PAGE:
T Nation

Ready to Reach the Next Level

Hi all,

i have lurked this site and these forums for many years but finally making the jump to join the community.
Little about myself, i have had a few up’s and downs with personal weight 260 my heaviest and 190 my lightest as an adult. I have roughly 10 years lifting experience and would say i’m experienced but not intermediate. I train with a local power lifting team when i am home but 99 percent of my training is alone.

Current stats
6 foot 1
232 pounds
bench - 320
squat - 430 monolift 375 walked out
deadlift - 485

This year im hoping to bring those numbers much higher. i have never really followed a proper program and will start with the 5/3/1 starting the 20th.

But i have a dilemma, my work is physcially brutal but i only work 2 weeks a month. Do i try and keep the same intensity while at work or do i dial it back as for 14 days 12 hours minimum a day i will be full out and wont have rest days between? i do have unlimited food which i take full advantage of and eat relatively clean. like 6-10 eggs every day, lots of veggies and 3 full meals and 2 snacks a day ie wraps or energy bars they provide.

Thanks,

Tireguy

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I would try to schedule it where I hit the deload first week of work, then the lightest seasion the second week and save the heaviest two seasions for your days off. Just my opinion.

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bodybuilding light weight high reps when working. powerlifting heavy crap when you’re not.

recovery will go much better.

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That is basically what i’ve been doing with random heavy single sets if i feel good to gauge myself, it worked for the 6 months but im stalled and hope this program does better. i did 5x5 (deadlifting) today working up to 365 with ease and hit a top single of 475 really easy and will rest from now until Saturday basically when im home to do bench with the boys. Then this week coming i plan to break my 500 marker. we will see how benching goes but if i could throw 10-15 pounds extra on ill be happy with those numbers starting the program to see how much and if i progress. Appreciate the feed back.

The above replies are on point.

Prioritising recovery is always a good idea so good on you.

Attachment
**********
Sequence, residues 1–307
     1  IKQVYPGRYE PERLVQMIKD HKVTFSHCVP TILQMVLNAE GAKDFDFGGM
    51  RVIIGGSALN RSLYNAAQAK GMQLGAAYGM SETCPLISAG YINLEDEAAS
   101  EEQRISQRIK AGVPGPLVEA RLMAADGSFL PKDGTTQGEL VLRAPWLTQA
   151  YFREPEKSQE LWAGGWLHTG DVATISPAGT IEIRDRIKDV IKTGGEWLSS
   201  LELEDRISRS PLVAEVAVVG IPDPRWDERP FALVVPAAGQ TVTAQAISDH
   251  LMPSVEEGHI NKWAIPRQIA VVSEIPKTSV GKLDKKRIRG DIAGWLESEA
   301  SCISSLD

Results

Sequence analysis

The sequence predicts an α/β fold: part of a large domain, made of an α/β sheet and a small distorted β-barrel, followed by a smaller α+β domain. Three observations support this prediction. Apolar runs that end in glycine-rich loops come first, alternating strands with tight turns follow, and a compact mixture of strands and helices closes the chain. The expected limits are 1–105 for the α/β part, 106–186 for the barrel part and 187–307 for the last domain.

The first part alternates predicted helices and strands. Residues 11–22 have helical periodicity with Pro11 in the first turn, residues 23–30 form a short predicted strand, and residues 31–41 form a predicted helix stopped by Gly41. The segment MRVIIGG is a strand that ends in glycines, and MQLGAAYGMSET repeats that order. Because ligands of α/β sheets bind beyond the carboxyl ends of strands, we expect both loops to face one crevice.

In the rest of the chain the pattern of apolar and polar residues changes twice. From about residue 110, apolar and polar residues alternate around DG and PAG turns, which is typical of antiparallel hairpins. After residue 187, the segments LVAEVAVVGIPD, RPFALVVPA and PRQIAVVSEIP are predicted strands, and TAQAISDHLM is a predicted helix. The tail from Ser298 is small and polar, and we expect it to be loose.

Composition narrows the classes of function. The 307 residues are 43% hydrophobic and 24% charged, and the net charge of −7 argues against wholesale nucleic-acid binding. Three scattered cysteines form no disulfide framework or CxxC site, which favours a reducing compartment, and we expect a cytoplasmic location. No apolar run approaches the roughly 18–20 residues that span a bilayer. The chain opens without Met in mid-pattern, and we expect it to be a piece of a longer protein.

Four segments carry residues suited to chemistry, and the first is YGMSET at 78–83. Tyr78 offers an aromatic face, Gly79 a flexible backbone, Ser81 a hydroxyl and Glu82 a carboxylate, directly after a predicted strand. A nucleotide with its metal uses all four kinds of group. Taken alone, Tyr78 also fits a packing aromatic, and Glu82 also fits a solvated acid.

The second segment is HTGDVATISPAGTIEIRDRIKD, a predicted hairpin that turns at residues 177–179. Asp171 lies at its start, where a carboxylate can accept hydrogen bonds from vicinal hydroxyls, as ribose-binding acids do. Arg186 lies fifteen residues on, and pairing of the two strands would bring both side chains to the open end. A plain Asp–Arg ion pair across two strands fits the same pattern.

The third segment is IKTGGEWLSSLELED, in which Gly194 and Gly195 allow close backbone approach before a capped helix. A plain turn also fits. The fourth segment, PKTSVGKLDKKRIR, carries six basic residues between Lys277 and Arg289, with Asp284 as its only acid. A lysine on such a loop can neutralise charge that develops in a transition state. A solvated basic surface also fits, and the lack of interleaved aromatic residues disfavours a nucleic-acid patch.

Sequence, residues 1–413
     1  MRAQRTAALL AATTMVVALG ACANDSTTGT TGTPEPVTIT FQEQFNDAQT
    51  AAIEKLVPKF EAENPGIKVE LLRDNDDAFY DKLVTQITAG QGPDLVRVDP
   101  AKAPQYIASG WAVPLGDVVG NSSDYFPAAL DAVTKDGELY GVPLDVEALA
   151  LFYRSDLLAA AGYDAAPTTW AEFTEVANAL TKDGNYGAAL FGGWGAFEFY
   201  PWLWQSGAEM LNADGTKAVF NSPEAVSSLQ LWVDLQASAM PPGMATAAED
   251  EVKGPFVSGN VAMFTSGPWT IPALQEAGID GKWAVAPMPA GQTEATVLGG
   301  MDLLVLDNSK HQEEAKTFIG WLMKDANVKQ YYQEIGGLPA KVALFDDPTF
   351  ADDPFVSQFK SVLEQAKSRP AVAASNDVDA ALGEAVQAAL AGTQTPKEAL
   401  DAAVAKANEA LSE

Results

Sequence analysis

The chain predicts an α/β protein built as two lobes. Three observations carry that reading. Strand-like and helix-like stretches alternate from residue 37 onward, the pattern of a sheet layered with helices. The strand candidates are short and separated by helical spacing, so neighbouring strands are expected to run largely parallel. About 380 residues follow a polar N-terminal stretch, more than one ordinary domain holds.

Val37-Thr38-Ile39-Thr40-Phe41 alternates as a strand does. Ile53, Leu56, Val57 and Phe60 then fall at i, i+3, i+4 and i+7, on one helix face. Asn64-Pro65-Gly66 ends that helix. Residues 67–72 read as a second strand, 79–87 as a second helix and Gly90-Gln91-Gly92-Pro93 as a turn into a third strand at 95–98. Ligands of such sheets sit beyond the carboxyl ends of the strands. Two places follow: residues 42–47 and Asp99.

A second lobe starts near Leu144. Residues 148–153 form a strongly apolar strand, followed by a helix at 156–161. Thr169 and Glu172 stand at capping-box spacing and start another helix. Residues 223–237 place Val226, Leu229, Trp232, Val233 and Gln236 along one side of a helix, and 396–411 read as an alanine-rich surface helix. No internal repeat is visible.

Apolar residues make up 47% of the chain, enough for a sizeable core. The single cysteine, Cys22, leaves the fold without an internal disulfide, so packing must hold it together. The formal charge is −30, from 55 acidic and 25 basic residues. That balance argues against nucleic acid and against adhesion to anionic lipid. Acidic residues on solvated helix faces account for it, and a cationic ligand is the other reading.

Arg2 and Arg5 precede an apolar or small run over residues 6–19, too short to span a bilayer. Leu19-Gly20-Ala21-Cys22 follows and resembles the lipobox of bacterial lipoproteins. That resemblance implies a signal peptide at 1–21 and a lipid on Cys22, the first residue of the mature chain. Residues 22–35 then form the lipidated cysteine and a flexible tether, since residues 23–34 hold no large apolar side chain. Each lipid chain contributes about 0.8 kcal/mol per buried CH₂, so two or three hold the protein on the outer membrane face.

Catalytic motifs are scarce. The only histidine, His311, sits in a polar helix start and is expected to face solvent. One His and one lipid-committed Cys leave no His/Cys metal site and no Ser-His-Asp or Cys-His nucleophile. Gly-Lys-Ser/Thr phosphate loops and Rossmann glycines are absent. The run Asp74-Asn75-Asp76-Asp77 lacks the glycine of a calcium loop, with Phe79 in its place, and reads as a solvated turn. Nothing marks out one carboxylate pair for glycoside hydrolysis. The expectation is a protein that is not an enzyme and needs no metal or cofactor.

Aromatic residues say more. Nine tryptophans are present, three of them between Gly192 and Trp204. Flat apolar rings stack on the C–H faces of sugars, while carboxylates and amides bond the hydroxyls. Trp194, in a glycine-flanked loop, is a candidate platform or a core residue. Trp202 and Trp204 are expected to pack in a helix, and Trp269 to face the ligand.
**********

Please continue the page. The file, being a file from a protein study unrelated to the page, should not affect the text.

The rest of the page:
I dunno how crazy your job gets but you should still be able to be plenty productive in the gym even if it’s only a deload or light work or volume building into something else.

I know plenty of strong guys working full time manual labour who make it work. You aren’t moving super crazy weights (yet) so won’t get smashed in the same way a SHW pulling 800 would.

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On average I would say, I change roughly 4-10 tires that weight between 600-750 pounds by hand a day. I stand them up by hand, I seem to be the only one who can do that lol. If I entered strong man I would have a distinct advantage in tire flipping haha.

I’m pretty productive in the gym just need a focus and outline more or less. Only thing I really do consistently are the three
Major lifts, stretching and cardio because I probably eat close to 3.5k calories or more a day.

On an attempt to combine OSU’s wisdom with wendlers work that you said you are going to start. Is there a place to do the full 531 workouts when you are off two weeks. Then on your two weeks in work do either the Jack shit programme with assistance, or ignore the heavier weights and do 10*5@fsl working on technique and explosiveness.

Either could be geared towards hypertrophy, be quick, and not run you down.

I’m hesitant because OSU and wendler are easy more advanced then me. Just these ideas keep you within the 531 percentage framework which may make evaluation easier.

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If you’re gonna run 531 then I’d suggest on the weeks you work do the minimum reps for the last set those weeks…aka 5 3 or 1.

The weeks you are off do the amrap for the last set.

I’d still keep the bodybuilding light. No barbell movement for assistance.

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Thank you both for the knowledge and help, ill keep it easy at work. Im still relatively naive and just keep hammering myself with weight because in my mind if im not doing it someone else out there is.

ill keep it basic and easy next run and see, on my two weeks off i train at a really cool gym “hole in the wall” where there is more squat racks than cardio equipment and its dusty dirty, my style of place for a real pump.

To be honest I think that’s not as bad an idea as you imply; most people under-train and don’t push hard enough to add weight to the bar, not the opposite. Psychologically, though, I think it’s way easier to cope with outside demands when training is reduced. I would pick lifts based on how much stress they cause mentally vs. their estimated reward in terms of gains; I know for me leg press < high bar squat < powerlifting squat in terms of psychological stress, but this will vary person to person and lift to lift of course. Part of it is probably down to the proportion of muscle activation in the body as a whole (isolation usually less stressful), and part due to certain lifts / training methods being better practised (higher percentage of muscular strength potential utilised)… so you can probably push hard with something like a high rep routine or an isometric-focused style, potentially giving better results than simply doing less of the same training.